A group from the club, ably managed by Debbie as part of her Advanced Diver assessment, went to Cornwall to dive out of Penzance and Lamorna Cove.

Unfortunately the Bank Holiday weekend was a total washout. The rain lashed down and gale force winds rocked the caravan. On the Monday, Adrian and I looked at a few sites mentioned in the Dive South Cornwall (Diver Guide) book. Porth Curno (below Minack Point) - with a steep sandy beach - looked like it might be good for snorkelling in fine weather along the rocks to the south. As for Mill Bay, you need a tractor or a horse to get to it, otherwise, via a long walk along the coast path (so another snorkelling spot there perhaps). Conditions improved during the week and we had three days of comfortable diving weather.


Several dives were made (25-30m) on the Stannocks, a bouldery outcrop with interesting scenery. Visibility was 8-10 metres. There was lots of interesting wildlife: a variety of sponges, sea-firs, starfish, and urchins; widespread sea fans, sea cucumbers, several small candy-striped flatworms; also nudibranch eggs; spider, edible, and velvet fiddler crab. Fish included bib, pollack, dogfish and cuckoo wrasse. A bright metallic blue and orange (male) cuckoo wrasse appeared to follow as we pottered about, and towards the end of the dive a cuttlefish appeared.

At the start of the second dive, the shot weight - which had become lodged between rocks - was retrieved and returned to the surface with a lifting bag. Current was very slightly stronger and visibility slightly reduced to perhaps 6-8 metres. A very nice swim, decompressing on the return trip up around the rock. We were all very pleased to have got in the water at last!


A fantastic dive was had on the Hellopes (38m), a 97m long, 2,774 tonne coal-laden steamship. Incorporating planned decompression, it would also be my deepest dive. Chris led down the shot alongside the impressive up-standing stern (over on its side) and wreckage. We swam over the rudder and some other bits where I had trouble making out what was what, but it was all very interesting looking and picturesque. Plenty of wildlife around and about: large pollack and here and there amongst the metalwork, leopard-spotted gobies. There were dense clusters of plumose anemones and white/orange dead-mans-fingers. Various tangles of fishing gear on the wreck, clumps of line, rope etc. Near a bundle of straps and rope I found a pointed oval shaped object of lead which I suppose must be some sort of bullet but how it got there I have no idea.

The second shallow dive of the day was the Conqueror, a large fishing vessel wrecked on Boxing Day 1977. It lies in about 17m of water, below cliffs west of Mousehole. We found one of the three sections it is supposedly broken into (it looked like it'd been there 100 years), which is still a good size and stands 6m or so off the bottom. We didn't find any more of the wreck (in spite of reasonable ~8m vis) but enjoyed exploring the boulder strewn bottom finding several lobsters and dogfish, abundant sand-gobies, two-spot gobies, and various kinds of anemone in the shelly gravel.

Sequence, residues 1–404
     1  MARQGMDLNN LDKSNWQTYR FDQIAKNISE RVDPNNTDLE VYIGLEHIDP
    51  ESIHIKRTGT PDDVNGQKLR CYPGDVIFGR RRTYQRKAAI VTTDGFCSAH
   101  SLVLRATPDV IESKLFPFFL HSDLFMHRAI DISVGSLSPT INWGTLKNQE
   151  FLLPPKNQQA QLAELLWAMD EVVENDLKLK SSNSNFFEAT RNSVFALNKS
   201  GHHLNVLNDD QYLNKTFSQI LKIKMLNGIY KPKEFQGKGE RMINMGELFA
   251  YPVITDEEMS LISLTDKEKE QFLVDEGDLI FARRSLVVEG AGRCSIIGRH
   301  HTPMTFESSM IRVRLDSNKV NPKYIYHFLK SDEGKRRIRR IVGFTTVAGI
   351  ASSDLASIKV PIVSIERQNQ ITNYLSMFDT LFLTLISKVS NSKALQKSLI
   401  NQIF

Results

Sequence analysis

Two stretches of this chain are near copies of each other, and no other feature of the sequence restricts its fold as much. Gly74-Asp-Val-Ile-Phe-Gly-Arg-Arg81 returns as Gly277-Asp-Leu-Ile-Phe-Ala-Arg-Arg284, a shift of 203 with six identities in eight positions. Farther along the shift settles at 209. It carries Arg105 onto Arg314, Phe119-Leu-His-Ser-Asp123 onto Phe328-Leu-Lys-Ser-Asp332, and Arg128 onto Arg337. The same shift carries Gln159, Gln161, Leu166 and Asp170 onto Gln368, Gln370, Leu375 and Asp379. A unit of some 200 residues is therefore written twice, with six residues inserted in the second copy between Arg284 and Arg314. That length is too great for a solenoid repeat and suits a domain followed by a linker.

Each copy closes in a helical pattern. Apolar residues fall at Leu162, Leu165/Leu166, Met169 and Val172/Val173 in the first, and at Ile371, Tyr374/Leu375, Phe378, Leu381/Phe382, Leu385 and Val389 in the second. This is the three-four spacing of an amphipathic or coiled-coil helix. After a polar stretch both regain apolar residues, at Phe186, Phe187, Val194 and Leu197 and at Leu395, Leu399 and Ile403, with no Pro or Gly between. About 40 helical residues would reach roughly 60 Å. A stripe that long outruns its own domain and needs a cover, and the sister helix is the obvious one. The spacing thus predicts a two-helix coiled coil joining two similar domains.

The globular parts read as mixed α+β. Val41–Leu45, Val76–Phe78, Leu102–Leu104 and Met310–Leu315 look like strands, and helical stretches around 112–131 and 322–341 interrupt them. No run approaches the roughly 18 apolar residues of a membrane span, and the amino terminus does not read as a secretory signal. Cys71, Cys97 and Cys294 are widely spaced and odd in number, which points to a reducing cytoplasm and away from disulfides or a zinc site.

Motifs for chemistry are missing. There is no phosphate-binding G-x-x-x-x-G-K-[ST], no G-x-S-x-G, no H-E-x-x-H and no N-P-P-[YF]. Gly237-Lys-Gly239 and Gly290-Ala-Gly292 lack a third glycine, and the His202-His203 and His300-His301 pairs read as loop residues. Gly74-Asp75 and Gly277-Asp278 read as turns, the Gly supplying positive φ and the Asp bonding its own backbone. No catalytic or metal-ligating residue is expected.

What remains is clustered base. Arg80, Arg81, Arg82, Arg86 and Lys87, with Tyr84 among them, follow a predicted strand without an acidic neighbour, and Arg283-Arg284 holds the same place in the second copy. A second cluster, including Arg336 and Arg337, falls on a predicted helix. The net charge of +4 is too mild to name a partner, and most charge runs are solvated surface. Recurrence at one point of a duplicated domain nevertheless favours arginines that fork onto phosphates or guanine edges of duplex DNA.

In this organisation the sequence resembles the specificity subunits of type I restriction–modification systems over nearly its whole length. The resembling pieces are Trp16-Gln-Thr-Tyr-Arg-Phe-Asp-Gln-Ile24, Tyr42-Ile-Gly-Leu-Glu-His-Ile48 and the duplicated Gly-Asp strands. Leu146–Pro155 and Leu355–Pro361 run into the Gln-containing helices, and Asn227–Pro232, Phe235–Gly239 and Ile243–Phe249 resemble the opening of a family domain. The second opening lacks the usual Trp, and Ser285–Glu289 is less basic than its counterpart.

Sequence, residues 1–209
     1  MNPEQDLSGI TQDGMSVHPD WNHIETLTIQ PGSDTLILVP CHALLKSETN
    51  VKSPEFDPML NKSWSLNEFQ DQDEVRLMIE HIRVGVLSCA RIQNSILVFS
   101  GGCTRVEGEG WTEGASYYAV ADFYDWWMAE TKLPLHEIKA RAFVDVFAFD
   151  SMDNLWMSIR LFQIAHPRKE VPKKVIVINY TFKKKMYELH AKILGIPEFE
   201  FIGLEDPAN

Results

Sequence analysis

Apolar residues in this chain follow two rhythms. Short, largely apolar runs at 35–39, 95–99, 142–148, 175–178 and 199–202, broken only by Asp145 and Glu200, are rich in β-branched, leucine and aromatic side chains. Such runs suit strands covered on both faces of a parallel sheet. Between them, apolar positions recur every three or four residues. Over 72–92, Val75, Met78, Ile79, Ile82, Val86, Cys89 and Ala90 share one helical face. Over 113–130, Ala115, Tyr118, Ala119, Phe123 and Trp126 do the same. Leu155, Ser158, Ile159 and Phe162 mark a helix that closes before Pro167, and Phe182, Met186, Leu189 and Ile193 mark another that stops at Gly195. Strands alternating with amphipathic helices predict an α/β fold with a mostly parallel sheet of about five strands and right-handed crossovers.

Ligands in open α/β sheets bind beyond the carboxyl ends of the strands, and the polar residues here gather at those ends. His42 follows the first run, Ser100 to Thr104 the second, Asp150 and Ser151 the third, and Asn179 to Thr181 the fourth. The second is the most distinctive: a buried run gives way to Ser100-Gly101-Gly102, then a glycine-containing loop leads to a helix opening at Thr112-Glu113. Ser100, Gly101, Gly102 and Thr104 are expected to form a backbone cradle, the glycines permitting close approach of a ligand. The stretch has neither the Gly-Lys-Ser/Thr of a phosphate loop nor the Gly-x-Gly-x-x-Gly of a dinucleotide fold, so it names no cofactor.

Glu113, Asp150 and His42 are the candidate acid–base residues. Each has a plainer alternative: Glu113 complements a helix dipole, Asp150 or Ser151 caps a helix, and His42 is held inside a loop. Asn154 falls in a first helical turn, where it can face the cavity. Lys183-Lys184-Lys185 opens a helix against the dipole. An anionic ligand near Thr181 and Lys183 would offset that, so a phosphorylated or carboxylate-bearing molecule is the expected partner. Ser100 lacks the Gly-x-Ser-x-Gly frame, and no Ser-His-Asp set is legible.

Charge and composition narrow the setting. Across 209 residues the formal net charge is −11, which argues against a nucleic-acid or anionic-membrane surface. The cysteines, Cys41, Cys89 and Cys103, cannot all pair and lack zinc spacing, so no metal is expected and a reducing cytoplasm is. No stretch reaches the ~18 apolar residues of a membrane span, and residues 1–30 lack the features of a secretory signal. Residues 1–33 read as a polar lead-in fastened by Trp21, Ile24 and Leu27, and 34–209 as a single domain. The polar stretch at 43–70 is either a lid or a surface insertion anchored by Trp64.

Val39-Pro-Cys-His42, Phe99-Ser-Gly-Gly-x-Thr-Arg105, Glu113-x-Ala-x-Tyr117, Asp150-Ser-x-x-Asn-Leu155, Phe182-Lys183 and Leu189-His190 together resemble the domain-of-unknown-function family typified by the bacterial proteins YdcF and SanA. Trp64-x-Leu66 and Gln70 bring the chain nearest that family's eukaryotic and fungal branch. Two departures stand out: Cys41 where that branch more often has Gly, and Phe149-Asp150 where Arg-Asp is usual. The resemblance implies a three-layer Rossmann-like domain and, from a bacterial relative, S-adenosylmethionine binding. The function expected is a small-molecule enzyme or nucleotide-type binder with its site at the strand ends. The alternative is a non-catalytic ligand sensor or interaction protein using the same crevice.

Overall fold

No diving took place on Thursday owing to strengthening (force 3-4) winds. The sea state within Lamorna Cove itself was choppy and it appeared rough further out. The poor conditions however didn't deter a threesome of divers (I don't know who they were) from attempting a shore dive. I watched them struggle in and after 10-15 minutes of surface swimming, and repeated separations (frequently disappearing from view behind the waves) eventually dived, a few times, for a few minutes. It didn't look very enjoyable to say the least; and keen as I am to dive, I wouldn't have wanted to be in their flippers.


We got up extra early today - and to our relief the wind had died off. It was misty on higher ground but arriving at Lamorna and sea-level the visibility was fair; and as the day went on it became brighter and by the afternoon it was warm and sunny. Our first dive was Lincoln (30m). A sailing-ship converted to steam, sunk in 1865, the Lincoln is flattened but very attractive. With good 10m+ visibility, the view across the ships frames was wonderful. Around the wreck I found a few crab, and there were some big bib, and an extremely large ling. Bizzarely I found a golf ball.

A breathtaking last dive took in the Outer Bucks. We went down the shot near the submerged peak and travelled west to find the sheer walls plastered with a colourful patchwork of jewel anemones. Lots of other critters and my first feather-star. The scenery was awesome with tremendous boulders and large drops to fly over. A brilliant dive.

Thanks to Debbie for organising and managing, and to Chris and Ted for all the towing and boat-handling.